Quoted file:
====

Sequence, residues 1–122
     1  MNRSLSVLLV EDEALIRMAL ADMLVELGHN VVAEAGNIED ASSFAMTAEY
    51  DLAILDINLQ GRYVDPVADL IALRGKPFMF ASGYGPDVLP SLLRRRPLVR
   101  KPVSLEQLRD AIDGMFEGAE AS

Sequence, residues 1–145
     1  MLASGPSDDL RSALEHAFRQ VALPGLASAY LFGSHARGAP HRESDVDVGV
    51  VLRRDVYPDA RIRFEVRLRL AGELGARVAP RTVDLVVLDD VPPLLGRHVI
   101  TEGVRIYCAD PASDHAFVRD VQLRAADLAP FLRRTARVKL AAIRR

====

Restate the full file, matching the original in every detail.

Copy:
Sequence, residues 1–122
     1  MNRSLSVLLV EDEALIRMAL ADMLVELGHN VVAEAGNIED ASSFAMTAEY
    51  DLAILDINLQ GRYVDPVADL IALRGKPFMF ASGYGPDVLP SLLRRRPLVR
   101  KPVSLEQLRD AIDGMFEGAE AS

Sequence, residues 1–145
     1  MLASGPSDDL RSALEHAFRQ VALPGLASAY LFGSHARGAP HRESDVDVGV
    51  VLRRDVYPDA RIRFEVRLRL AGELGARVAP RTVDLVVLDD VPPLLGRHVI
   101  TEGVRIYCAD PASDHAFVRD VQLRAADLAP FLRRTARVKL AAIRR